You’ll know just how much money you have left to spend, and it removes the temptation to spend your savings. DO NOT, under any circumstances, take money from your savings until it’s time to travel. If you do, hellfire will rain down upon you, the world will come to an end, and your mother will be very disappointed in you. Also, you will be more likely to pull money out of the account again, which is no bueno.
4. Determine how much money you need for travel.
Now that you know how to save money for travel, you can finally figure out when you’ll have enough money to peace out and roll out!
How much time you need to save money for travel depends on your destination, how long you want to travel, and the way you want to travel. Countries like Bhutan are going to require a hefty amount of cash, while in places like India you can slide by on mere pennies a day. Traveling by public transportation is cheap, while traveling by motorcycle or going skiing adds up quickly.
For my own travels, I assumed an average of about €1000/month for traveling on a shoestring, with occasional splurging. In my experience, you’ll miss out if you flatly refuse to spend any more money than absolutely necessary.
I was also aiming to travel as long as I could, and expected to be on the road for at least a year. My initial plan was to save more by working or volunteering along the way.
Based on this, I decided to save money for travel for about 1 year before my departure, aiming to have around €10,000 for the entire year. I saved up about €6,000 by putting away money each month, which was then combined with previous savings, money from selling all of my stuff, the return of my apartment deposit, and my final paycheck (it feels victorious to not have to spend money on rent right after being paid). After all was said and done, I had about €12,000 in savings for my travel.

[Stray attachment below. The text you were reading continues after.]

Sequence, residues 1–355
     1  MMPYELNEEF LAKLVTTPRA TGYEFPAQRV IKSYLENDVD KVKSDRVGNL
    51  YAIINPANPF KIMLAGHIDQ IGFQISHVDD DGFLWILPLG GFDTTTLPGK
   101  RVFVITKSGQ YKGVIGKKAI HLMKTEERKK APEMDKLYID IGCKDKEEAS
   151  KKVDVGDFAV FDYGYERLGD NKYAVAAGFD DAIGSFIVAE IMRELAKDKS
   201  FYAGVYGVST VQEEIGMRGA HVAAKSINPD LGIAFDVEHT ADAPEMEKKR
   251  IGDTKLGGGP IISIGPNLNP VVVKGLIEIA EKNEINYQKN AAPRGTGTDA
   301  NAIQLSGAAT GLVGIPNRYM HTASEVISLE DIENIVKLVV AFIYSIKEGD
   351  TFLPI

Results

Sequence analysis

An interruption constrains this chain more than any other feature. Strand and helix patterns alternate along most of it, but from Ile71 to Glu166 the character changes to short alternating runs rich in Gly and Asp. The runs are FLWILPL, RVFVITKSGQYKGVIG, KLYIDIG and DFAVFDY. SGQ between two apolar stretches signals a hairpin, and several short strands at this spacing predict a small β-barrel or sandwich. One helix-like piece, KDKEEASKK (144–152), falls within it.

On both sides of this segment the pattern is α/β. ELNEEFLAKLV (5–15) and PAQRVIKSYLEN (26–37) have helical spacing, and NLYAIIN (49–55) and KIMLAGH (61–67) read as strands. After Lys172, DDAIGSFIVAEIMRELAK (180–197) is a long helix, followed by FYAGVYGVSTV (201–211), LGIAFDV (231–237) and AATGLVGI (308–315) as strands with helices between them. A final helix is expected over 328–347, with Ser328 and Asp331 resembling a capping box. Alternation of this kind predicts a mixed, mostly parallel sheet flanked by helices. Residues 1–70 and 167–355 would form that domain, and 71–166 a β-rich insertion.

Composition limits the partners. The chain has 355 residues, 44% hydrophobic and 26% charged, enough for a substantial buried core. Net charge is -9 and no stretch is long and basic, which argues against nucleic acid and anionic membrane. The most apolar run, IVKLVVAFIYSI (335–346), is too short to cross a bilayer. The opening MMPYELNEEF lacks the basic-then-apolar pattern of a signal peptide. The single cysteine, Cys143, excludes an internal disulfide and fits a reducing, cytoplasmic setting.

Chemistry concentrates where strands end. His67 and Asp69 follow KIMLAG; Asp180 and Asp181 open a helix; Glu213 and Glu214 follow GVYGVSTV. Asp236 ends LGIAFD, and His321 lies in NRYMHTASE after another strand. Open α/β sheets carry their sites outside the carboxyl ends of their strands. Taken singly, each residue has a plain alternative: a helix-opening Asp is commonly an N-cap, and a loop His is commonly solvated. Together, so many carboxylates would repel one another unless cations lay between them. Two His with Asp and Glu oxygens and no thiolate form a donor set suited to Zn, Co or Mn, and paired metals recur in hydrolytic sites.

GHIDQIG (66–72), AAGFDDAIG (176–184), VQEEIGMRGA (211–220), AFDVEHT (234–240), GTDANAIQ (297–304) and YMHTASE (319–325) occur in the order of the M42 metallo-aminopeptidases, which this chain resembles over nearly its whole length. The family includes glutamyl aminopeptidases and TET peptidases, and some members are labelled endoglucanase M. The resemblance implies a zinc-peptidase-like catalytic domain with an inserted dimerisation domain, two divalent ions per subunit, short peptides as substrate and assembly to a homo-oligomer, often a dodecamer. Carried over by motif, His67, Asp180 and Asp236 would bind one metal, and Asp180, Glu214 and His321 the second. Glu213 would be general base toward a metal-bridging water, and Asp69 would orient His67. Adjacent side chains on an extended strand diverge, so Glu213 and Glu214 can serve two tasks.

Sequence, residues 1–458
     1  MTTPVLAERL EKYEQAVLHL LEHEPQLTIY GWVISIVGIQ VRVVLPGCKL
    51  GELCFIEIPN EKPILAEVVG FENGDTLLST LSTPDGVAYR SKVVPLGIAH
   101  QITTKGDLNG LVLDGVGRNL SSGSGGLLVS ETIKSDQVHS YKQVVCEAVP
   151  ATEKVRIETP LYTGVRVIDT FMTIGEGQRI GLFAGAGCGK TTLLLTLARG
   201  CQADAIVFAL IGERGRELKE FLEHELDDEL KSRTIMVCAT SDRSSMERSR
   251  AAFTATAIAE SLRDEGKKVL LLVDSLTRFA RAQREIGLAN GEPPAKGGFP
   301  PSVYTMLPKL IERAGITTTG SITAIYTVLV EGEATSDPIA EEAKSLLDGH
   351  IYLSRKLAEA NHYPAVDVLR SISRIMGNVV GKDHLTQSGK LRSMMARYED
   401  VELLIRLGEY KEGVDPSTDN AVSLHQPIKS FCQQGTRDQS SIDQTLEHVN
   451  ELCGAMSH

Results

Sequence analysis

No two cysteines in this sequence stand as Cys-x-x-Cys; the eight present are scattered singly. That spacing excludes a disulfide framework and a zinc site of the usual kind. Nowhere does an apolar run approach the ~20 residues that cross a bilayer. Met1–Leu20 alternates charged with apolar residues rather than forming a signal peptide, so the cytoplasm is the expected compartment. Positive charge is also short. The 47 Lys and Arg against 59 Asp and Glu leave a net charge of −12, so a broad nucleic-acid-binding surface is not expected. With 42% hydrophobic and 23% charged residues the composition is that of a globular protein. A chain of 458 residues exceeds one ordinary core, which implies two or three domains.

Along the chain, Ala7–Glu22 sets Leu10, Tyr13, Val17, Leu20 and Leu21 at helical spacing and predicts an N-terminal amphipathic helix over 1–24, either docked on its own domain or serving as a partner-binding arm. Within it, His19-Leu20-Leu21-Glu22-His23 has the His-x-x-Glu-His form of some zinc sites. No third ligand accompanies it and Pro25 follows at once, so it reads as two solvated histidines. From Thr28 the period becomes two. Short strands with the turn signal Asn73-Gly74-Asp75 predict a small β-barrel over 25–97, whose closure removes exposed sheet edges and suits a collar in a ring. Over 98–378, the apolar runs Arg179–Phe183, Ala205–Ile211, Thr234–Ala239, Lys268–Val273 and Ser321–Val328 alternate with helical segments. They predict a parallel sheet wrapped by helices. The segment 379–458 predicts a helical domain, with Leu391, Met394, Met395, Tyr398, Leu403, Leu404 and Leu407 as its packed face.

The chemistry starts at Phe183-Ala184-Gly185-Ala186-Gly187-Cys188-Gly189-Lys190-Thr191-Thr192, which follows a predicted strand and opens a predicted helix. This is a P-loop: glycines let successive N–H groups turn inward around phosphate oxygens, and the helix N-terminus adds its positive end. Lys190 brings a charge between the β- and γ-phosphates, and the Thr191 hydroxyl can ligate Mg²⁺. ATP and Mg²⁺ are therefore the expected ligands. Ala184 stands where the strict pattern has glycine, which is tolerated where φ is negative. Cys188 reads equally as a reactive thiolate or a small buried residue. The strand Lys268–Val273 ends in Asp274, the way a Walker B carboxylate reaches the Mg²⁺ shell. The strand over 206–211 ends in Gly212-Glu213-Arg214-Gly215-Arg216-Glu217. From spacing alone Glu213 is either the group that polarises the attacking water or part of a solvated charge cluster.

5. Start to save money for travel!
Now’s the time to start your plan… and stick to it! It can be a struggle at times, but once you get into the saving mindset, it can also be addictive. I recommend sinking your teeth into other tips for saving money for travel or learning about money-saving travel hacks to get you into the right state of mind.
To ensure you stay in that state of mind, let family and friends know you’re trying to save money for travel–it’ll be less awkward to pass on expensive outings, or ask to do something cheaper. Plus, they can give you a hard time if you ever start to slip and dip into your savings 😉
Curious as to where I was actually trying to travel TO? Here’s what Lost With Purpose is all about.
Yay transparency: there are a small number of affiliate links in this post. Basically, how it works is that if you buy the product that’s linked, we get a small commission at no extra cost to you. We promise we only link products we actually like, and it helps us to cover the costs of running the blog! Plus, we’ll love you forever and ever.